The rules are about to change…
For the majority of brand owners, social media advertising is a must-have. Not only is this platform one of the most cost-effective ways of brand promotion, it also, almost instantaneously, reaches a large, targeted consumer base.
This form of advertising is also a two-way street, in that consumers can comment on posts, tweets and the like, and receive personalised feedback from the brand owner. This tool aids in fostering customer satisfaction and increased long-term brand loyalty, whilst allowing brand owners to have insights into consumer likes, dislikes and needs.
Following in the footsteps of other countries, the South African Advertising Regulatory Board (ARB) will shortly be issuing a set of local guidelines on acceptable social media marketing and advertising, including brand promotion through the use of influencers. These guidelines will form a new appendix to the ARB’s Code of Advertising Practice, which can be viewed on the website link.
Members of the ARB, being the Interactive Advertising Bureau (www.iab.com), the Association for Communication and Advertising (www.acasa.co.za) and the Marketing Association of South Africa (www.marketingsa.co.za) are bound by the Code of Advertising Practice and will, therefore, be required to comply with the new social media guidelines. In addition, it is presumed that all businesses or organisations that are members of these three bodies, also have an obligation to comply with the Code, and to abide by ARB rulings on advertising disputes.
As a starting point, going forward, brand owners will need to ensure that consumers can clearly identify paid-for social media advertising.
This requirement ties in with Clause 12 of Section II of the current Code, which highlights that, in electronic media, particular care should be taken to distinguish clearly between programme content on the one hand, and advertising on the other. When paid-for promotional content is displayed amongst news or other editorial matter (often referred to as ‘native advertising’), that content should be designed, produced and presented in a manner that it will be readily and clearly recognised as an advertisement by the relevant public.
Where influencers (including celebrities or sports stars who often have huge fan bases on social media platforms) are involved, care should be taken to avoid any ambiguity regarding posts or tweets by such individuals relating to specific brands. The value that consumers attach to a product or service recommendation is likely to be different, if the consumer is fully aware that the recommendation is a paid-for endorsement or review, as opposed to user-generated content, which is purely the narrator’s subjective opinion, on the specific topic, product or service.
Against this background, in instances where paid-for communication may, as a result of ambiguity in the social media content or otherwise, appear to the average consumer to be the unsolicited opinion of the influencer, the material must be clearly identified as advertising through the use of supported social media identifiers.
Current recognised social media identifiers are #AD, #Advertisement and #Sponsored. The use of acceptable social media identifiers will avoid the risk of consumer confusion as to the nature of the viewed social media content.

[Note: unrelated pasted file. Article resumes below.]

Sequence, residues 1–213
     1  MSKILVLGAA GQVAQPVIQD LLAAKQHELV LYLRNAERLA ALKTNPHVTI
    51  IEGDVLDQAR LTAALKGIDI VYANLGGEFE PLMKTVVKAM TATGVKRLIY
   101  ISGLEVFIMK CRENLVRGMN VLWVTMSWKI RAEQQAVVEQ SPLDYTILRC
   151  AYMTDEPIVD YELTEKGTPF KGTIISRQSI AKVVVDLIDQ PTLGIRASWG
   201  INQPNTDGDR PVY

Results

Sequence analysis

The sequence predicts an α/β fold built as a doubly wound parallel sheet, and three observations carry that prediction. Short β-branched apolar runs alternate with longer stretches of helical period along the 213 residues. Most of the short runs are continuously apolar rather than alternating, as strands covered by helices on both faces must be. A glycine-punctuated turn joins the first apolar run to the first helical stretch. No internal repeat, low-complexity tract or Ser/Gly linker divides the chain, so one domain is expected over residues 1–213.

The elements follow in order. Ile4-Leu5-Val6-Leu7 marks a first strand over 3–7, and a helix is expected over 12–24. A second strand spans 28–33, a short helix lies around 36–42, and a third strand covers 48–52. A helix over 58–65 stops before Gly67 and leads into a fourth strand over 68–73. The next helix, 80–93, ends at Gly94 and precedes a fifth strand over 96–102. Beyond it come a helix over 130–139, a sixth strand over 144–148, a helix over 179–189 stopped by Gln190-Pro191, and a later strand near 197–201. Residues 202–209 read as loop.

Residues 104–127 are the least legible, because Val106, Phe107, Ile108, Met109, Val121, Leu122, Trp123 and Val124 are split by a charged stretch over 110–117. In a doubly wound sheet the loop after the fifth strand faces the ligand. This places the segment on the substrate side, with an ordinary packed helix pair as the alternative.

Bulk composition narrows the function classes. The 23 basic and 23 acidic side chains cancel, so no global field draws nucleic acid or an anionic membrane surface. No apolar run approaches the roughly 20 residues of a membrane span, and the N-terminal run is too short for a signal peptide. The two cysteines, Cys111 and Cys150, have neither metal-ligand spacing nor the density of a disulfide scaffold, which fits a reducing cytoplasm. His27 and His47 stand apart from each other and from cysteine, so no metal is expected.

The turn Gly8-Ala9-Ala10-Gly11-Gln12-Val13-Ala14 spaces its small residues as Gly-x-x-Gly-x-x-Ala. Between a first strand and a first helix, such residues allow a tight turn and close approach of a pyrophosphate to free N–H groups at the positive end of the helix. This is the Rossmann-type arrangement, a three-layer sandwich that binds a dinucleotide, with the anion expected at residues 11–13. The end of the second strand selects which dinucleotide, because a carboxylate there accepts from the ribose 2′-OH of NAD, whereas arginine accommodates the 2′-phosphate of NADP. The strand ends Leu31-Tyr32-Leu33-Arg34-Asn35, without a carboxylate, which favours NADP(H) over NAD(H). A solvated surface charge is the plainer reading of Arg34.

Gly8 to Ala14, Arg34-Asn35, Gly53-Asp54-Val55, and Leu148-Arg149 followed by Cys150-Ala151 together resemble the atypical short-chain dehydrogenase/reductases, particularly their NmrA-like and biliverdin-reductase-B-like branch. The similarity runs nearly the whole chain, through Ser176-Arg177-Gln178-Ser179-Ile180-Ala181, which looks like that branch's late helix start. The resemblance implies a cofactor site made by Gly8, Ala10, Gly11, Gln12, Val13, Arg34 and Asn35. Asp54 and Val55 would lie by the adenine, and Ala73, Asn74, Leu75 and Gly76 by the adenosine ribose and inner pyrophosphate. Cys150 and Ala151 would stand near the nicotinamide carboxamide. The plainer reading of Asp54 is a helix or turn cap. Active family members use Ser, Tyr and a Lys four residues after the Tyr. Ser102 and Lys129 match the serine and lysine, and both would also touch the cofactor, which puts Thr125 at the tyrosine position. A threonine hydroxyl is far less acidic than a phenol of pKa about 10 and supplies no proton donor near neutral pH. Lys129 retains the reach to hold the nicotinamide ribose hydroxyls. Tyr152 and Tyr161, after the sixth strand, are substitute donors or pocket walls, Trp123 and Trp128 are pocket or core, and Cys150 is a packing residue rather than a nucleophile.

To ensure that consumers have a full understanding of a paid-for post, the influencer should disclose, in the advert, if he or she received any goods or services in return for media coverage on the brand.
In the interests of reinforcing influencer integrity, influencers are also required to declare or disclose their involvement with a specific brand or marketer in the posted or tweeted material.
Social media advertising should comply with all provisions of the Code of Advertising Practice.
Endorsements or testimonials in adverts, including those of influencers, should be genuine, and related to the personal experience, over a reasonable period, of the person giving it. Furthermore, care should be taken to avoid any false or misleading claims in influencer advertising, as the brand owner or influencer will not be able to defend such conduct by claiming that it was expressed as an opinion only.
Brand owners and influencers will also be required to have written agreements in place dealing with, inter alia, the nature of the engagement and the influencer’s brief, the nature of remuneration (which may include money and/or free products or services), details of social media advertising content relating to the brand, and if it will be influencer-created or scripted (in which instance the influencer should clearly disclose or credit the content creator).
The agreement should also set out any mandatory warnings or statements that may be relevant to a particular industry and required in the influencer advertising (as an example, the underage statement “Not for sale to persons under the age of 18 years” should appear in all advertising for alcoholic beverages or brands).
Responsibility and transparency
To conclude, brand owners should take note that they will have the primary responsibility to ensure that social media advertising, including influencer advertising for their brands, complies with the relevant advertising guidelines.
These guidelines are aimed at transparency in advertising, and ensuring that consumers can clearly distinguish between advertising, and other online material. In addition, for reputational and ethical reasons, influencers are also encouraged to comply with the social media guidelines, to ensure that their followers immediately understand the nature and extent of their relationship with a particular product or business brand appearing on their social media newsfeed.